Creating Community in Asheville
There are lots of people working at creating community in Asheville. If you've clicked on this link, you may have an idea of what I'm talking about.
Around 2008, there were a number of people seriously thinking about creating community, but most of those efforts fell apart when the economy became so uncertain and real estate took a dive.
If you were financially secure and could sell your home, it wouldn't be too hard to get together with some others and build a great community together. But, under the circumstances, it wasn't wise.
A couple of developer-led community projects, as opposed to resident-led, did finish before things got too bad. These are Gaia and the Hudson Street Cottages - both small, urban infill projects in West Asheville.
Currently, there is another project underway at Crest Mountain Village. This is a larger development about five minutes from town in a more rural setting.
These developer-led projects are not really "intentional" communities. An intentional community begins with a group of people who come together first and decide to create a community together. These developer-led projects are planned in such a way that who ever lives there has a better opportunity to participate with others in creating real community. They are also "green" with HealthyBuilt Homes, shared gardens, and so on.
There really is more to creating community in Asheville than housing in close proximity. As a matter of fact, you can have homes very close together and have no real community - and, you can also have really good community without even being in the same area - such as online communities or other kinds of face-to-face groups.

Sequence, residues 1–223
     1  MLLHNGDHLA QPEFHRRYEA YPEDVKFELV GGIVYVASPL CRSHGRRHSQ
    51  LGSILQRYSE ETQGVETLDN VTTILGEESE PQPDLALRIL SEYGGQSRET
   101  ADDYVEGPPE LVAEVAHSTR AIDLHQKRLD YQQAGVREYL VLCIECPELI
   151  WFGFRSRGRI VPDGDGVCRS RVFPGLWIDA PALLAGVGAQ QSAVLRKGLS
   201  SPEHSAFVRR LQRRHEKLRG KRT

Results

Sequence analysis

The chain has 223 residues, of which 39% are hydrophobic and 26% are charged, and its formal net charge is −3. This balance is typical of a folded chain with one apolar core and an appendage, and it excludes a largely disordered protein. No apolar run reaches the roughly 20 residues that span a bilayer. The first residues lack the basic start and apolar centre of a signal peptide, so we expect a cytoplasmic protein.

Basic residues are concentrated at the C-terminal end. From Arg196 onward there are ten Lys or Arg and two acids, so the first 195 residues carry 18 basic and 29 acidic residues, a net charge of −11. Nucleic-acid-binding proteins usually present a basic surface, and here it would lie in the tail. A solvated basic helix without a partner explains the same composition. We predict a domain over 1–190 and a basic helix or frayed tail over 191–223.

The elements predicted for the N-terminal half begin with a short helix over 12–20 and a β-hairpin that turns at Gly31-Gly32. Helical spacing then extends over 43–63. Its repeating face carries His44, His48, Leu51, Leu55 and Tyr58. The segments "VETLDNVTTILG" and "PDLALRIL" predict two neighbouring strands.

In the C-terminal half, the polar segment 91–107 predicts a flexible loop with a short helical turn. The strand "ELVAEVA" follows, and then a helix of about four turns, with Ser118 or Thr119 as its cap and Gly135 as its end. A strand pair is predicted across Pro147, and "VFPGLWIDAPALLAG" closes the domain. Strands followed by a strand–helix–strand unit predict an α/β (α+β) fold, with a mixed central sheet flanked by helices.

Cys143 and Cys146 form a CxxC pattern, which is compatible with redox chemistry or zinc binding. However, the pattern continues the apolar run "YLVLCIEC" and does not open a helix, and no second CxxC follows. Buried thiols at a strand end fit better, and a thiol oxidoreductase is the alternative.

Transition Asheville may be of interest to you. This group is part of an international movement and their focus is "co-creating a sustainable Asheville beyond peak oil." Actually, the concern includes the interrelated effect of peak oil, the economic crisis, and climate change, not just peak oil. The belief is that local communities need to take leadership. We need to start working together to solve the problems we're facing, before it is too late.
Asheville is the kind of place that attracts people who are interested in being involved together in some way. There are all kinds of communities of people who have something in common - it could be anything from bicycle riding to community theater to organic gardening to saving the world.
Asheville has also attracted a number of people looking for the kind of community that brings people together as neighbors to share and care for each other - intentionally or not.
These kinds of communities can be: loosely defined, somehow intentional, or very intentional - perhaps taking the form of cohousing.
People who already live in close proximity to each other may decide to share a garden or eat a meal together once a month.
A group may decide to buy land together and build homes there, where they can grow a community together from scratch, sharing responsibilities and privileges.
Or, there could be a big old house or existing apartment complex for sale that a group decides to buy together and transform into a special community - "retrofit cohousing."
There's no limit to how creative community formation can be. You can do it in the city or the country. It can be for all ages or just young families or only active adults.
Some communities grow up around certain philosophies or faith traditions. Others may share a source of income with many involved together in some kind of business.
More often, these days, the residents are independent in their vocations and beliefs, creating community in Asheville by participating in shared responsibilities, decision-making, and being caring neighbors.
Living in community offers solutions for many of the life issues we encounter these days such as the concerns of the Transition movement - peak oil, the economy, healthy food, healthy living in general, quality of life, retirement challenges, and so on. It's about sustainability. It's a step beyond trying to be green...
...and it's not easy! There are challenges to community. If there weren't, we would probably all live together in bliss.
I'm working on some links for you to learn more about some of efforts at creating community in Asheville. So, if it interests you, please come back. In the meantime, you can also contact me directly.
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